Cylinder sealing is a topic that should be at the top of any serious engine builder's mind. After all, pressure is power, and letting precious cylinder pressure slip past the rings is a waste of potential power. Many components add up to achieving the goal of cylinder sealing at the cylinder wall, including the pistons, rings, and bores. These are broad areas, and each can be analyzed down into subtopics. With rings, we might investigate twist, taper or face profile, back clearance, width, materials, coatings, hardness, tension, and a laundry list of other nuances. In contrast, the cylinder bores seem like a simple aspect of the sealing system, but such an impression is definitely mistaken. There's much more to effective bores than having eight holes you can stuff some pistons into.

Here's some news for anyone who has slid a dial bore gauge up and down a bore, and then marveled at how true and distortion free it seems. True bore distortion cannot be measured with a dial bore gauge. Basically, a bore gauge will indicate length between two points, but there is no axis of reference for the measurement. This can cause a serious misconception about how good a bore is--a serious defect in bore shape can easily be missed. In its ongoing research, Sunnen uses an Inner Contour Meter, a highly accurate device that measures the true bore shape, reading the position of the cylinder wall every 5 degrees around the bore and along its full length. The need to intricately evaluate a cylinder bore is essential for a company like Sunnen. Sunnen relies on such information and testing as a basis for continual refinement of equipment, tooling, and procedures. This information is passed on to Sunnen's customers in the performance engine machining industry via improved processes and equipment, and ultimately we all benefit from the development.

The Goal: Minimize Bore Distortion
An ideal bore will come as close to perfection as possible in key geometric qualities, including straightness, roundness, and cylindricity. Simulating the loads and stresses that may affect the bore shape in operation through mechanical bore distortion compounds the difficulty of achieving this goal. Some of the key factors contributing to mechanical bore distortion include torque plate design (see sidebar: Maximizing Torque Plate Performance), head or torque plate fastener type, torque sequence and lubrication, and the head gasket type. Other easily overlooked sources of mechanical distortion include the machining techniques, stack-up of tolerances, and external loads like the engine support system or mounts. There is value in identifying the contributing sources of mechanical bore distortion, and either attempt to minimize them, or compensate for their influence during the cylinder bore honing operation.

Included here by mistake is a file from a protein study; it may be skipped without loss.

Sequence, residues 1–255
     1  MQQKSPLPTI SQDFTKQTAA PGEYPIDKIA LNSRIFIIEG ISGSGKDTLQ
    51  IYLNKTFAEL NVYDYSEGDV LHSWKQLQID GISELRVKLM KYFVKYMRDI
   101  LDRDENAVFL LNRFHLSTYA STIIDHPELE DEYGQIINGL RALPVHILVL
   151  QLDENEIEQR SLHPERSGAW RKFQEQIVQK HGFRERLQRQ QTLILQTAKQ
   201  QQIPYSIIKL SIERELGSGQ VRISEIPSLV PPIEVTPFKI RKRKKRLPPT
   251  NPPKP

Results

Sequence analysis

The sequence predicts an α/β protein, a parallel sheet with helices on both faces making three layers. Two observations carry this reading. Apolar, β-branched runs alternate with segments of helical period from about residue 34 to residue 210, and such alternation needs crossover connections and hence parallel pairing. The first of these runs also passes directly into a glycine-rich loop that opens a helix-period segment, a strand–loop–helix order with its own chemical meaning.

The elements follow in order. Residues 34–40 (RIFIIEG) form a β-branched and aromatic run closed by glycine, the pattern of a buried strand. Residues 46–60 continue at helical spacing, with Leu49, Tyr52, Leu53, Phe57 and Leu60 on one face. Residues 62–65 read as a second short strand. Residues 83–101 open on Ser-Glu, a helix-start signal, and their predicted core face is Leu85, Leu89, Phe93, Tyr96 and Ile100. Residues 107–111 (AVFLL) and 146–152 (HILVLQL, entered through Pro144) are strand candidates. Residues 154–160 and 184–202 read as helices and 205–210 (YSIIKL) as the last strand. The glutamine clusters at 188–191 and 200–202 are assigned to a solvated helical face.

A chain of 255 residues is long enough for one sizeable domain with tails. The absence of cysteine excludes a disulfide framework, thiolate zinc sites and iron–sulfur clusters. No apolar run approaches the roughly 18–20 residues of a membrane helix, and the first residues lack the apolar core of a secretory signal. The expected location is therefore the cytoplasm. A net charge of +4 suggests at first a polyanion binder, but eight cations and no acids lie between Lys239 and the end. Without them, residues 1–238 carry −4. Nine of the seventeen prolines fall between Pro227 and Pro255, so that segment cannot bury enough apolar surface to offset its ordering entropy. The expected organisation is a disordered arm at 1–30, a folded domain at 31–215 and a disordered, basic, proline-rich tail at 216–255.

Surface FinishWe have concentrated our discussion on bore shape, but surface finish is another characteristic vital to engine sealing and life. The most basic measure of surface finish is the Ra value, which is the roughness average. The Ra is a specification denoting the range from the highest peak to the lowest valley in the surface, and takes an average of that surface finish. Rmax and Rz show a little more detail--showing total height to valley, over a certain segment, but it still isn't enough since these measures do not indicate how much area the ring has to ride on vs. how much of the surface is valley. Bearing area will help fill in the picture, by adding information on how much peak is available for the rings to ride on. These are just some of the parameters in surface finish looked at by Sunnen in creating finishing procedures.

A variety of processes result in varied surface finishes. The most common of these processes may be described as a single-grit finish, multiple-step finishes, and a plateau finish. A single-grit finish is the simplest, basically where you bore the block, and then hone it with one grit of abrasive. A multi-step finish is where the walls are brought smoother and smoother in steps, such as going from 220, 280, 400, to 600 grit. A plateau finish is characterized by a comparatively rough finish followed by a very fine finish. This produces effective valley areas, in conjunction with flat peaks that provide significant bearing area. For high-performance engines, the plateau technique is still considered one of the best for surface finish.

There is no doubt that getting into the real science behind cylinder bore shape and finish is beyond the means of most engine builders. We are grateful that research in this area is ongoing thanks to the work of companies like Sunnen, a company that is always raising the bar. With continued analysis and refinements of equipment and techniques, it's worth paying attention to your Sunnen rep if your goal is raising your game.